Importance of Baselines

one of these things is not like the other
In my world, having a standard baseline across servers is important. For example, I am responsible for maintaining a few hundred servers spread across a geographical area. By having a standard baseline across the servers its easy to maintain updates, troubleshoot issues, and in general keep things running smoothly.

Well, recently we received a hardware refresh consisting of new servers, storage, and networking equipment. While installing the equipment we made a system baseline for our sister sites. The theory is that each site would have the same hardware, the same software, and then if one site has issues or upgrades something all sites apply the change.

This is in stark contrast to my site and other sister sites all being islands of development and maintenance. Lessons learned didn’t get shared and when they did they got morphed into site vs site competition.

So one would think we are forming a standard baseline. Sadly that idea, that concept, that goal has failed so far. The organization responsible for providing the hardware decided to change things between our site and the next. Where we have a Cisco 6500 switch they have a 4500. Where we have a set of blades and another set of standalone servers, they only have the blades. Where our blade chassis have one type of built in switch, they have another brand which supports different features that we are using.

So in review. If your environment looks like this:

  • Multiple subnets/VLANs on each server for traffic segregation and security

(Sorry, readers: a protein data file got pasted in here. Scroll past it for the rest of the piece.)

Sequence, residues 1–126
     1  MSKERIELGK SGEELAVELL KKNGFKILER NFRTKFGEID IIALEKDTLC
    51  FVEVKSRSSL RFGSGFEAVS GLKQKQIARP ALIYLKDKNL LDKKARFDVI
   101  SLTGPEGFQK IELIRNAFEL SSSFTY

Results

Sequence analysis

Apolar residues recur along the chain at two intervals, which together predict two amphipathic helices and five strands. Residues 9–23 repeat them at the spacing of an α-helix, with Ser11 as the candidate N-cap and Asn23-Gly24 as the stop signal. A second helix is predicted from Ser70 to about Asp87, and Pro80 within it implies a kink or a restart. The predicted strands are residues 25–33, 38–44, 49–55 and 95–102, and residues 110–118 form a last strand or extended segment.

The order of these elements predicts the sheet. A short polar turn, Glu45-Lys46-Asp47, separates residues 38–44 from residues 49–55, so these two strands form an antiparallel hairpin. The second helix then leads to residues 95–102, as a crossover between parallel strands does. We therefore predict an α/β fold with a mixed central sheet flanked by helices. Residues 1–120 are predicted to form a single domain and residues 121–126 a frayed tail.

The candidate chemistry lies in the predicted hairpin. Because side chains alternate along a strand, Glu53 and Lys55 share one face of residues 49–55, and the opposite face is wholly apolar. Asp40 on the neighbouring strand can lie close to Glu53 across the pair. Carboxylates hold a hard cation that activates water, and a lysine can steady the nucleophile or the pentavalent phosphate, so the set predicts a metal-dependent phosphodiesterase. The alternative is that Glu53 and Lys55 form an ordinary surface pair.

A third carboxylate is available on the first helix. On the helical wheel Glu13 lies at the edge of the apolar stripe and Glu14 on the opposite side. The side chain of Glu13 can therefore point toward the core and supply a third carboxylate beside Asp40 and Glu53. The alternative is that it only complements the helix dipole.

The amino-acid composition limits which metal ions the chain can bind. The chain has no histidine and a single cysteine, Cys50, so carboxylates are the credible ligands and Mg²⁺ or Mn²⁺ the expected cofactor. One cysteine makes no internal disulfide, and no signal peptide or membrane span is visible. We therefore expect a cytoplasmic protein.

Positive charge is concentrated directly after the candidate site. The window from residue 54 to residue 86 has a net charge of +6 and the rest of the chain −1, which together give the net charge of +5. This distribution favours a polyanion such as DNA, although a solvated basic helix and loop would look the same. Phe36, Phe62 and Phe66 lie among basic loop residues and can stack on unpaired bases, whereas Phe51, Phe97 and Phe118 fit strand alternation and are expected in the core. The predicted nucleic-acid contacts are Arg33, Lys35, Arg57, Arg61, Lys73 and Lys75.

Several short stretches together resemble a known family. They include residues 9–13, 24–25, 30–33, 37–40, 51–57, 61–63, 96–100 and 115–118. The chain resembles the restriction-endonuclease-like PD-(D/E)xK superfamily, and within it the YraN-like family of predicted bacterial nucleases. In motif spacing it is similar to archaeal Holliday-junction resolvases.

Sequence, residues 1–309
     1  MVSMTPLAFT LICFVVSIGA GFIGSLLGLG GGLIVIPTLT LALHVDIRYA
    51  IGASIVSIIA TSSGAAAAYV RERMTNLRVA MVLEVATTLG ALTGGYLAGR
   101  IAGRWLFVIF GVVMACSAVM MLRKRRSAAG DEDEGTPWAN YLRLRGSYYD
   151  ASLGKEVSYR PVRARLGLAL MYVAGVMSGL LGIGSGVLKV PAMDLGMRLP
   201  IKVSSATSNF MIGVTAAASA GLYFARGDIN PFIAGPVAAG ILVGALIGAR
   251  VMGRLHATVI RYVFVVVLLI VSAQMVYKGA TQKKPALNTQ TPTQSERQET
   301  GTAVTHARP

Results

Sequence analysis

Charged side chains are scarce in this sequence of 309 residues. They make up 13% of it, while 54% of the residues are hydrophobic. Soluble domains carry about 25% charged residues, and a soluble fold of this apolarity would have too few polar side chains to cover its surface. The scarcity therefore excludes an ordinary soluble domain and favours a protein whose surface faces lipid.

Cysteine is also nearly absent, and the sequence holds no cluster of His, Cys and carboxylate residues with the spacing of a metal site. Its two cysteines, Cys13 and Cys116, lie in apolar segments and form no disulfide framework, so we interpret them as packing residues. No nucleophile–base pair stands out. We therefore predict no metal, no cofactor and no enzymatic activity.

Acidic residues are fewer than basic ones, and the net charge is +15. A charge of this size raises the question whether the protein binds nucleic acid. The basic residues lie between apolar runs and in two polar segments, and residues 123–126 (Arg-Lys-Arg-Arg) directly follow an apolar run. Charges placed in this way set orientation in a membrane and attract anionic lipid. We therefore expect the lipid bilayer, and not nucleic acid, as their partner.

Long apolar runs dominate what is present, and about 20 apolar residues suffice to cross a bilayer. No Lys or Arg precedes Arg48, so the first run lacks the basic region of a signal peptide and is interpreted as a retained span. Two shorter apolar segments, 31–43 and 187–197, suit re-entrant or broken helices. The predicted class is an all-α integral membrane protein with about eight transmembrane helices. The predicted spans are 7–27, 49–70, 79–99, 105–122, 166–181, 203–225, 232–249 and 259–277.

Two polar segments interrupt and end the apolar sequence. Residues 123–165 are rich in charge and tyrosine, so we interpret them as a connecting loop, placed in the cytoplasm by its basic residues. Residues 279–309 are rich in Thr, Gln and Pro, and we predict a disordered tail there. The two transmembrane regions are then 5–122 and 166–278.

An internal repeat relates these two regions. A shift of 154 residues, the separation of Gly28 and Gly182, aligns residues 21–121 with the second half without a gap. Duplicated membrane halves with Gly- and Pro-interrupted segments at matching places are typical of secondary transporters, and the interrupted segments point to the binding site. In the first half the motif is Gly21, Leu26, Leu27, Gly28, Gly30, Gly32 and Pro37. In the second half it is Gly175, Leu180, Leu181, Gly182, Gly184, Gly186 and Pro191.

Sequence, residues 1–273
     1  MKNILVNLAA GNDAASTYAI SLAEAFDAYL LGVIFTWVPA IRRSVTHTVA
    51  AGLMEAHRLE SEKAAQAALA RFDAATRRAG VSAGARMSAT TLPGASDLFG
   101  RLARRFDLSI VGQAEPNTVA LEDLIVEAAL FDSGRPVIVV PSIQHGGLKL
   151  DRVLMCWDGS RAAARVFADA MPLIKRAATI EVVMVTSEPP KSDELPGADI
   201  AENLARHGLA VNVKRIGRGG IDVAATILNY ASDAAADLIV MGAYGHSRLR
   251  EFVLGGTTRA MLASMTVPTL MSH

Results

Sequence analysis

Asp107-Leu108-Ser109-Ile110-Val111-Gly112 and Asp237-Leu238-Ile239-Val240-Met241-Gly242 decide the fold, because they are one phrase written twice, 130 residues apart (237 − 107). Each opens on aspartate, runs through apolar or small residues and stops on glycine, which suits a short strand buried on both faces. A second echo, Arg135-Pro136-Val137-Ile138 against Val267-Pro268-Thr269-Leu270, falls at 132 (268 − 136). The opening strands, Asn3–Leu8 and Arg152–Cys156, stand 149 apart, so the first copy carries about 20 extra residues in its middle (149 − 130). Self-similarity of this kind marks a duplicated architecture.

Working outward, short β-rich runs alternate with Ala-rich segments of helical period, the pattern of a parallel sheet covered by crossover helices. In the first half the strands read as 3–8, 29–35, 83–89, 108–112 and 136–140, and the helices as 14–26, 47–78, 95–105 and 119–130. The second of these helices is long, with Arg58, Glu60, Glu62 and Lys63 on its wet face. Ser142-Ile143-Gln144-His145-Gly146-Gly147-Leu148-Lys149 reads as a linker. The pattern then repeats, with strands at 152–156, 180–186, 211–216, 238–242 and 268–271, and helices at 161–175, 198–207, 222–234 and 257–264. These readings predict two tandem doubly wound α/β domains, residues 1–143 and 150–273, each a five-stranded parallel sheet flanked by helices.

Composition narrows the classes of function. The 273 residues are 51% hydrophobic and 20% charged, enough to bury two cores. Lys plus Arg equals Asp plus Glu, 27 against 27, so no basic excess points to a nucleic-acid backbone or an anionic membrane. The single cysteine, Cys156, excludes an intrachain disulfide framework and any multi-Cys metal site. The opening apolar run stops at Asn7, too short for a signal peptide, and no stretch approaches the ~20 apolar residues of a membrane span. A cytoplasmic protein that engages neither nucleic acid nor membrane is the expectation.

• Bonding/LACP at the server and between switches for redundancy/throughput

And you can’t hire enough smart network engineers that understand trunking/bonding/VLANs then don’t switch your hardware mid-game, and then don’t call the site that got it working asking for help.

Written by ruckc | Tags: , ,

50% blade failure

servers or something close

So at work, we needed to have some work performed on one of the SANs. To do the work we went ahead an powered our blade servers utilizing the SAN off. After the SAN was repaired (through means of a cold boot) 16 of our 32 BL25p blades refused to power on. There was no pattern to it, no single blade enclosure, no unique software. When you pressed the power button on the blades they just refused to turn on. It was more like they thought about turning on for a moment and then replied “Hell No.” Luckily we made due with some spares and reallocated blades from another similar setup elsewhere, but seriously how does this happen?

According to HP this is an issue that we should of fixed with upgrading iLO back in the spring. You gotta love quality engineering.

Written by ruckc | Tags: , , ,

The Beginning

once upon a time - typewriter
This is the beginning of the SQ blog in theory.  The intention is so that I describe my daily distractions from work.  I currently work 7 days a week, 12 hours a day so the distractions are sometimes frequent and many.

Written by ruckc | Tags: ,

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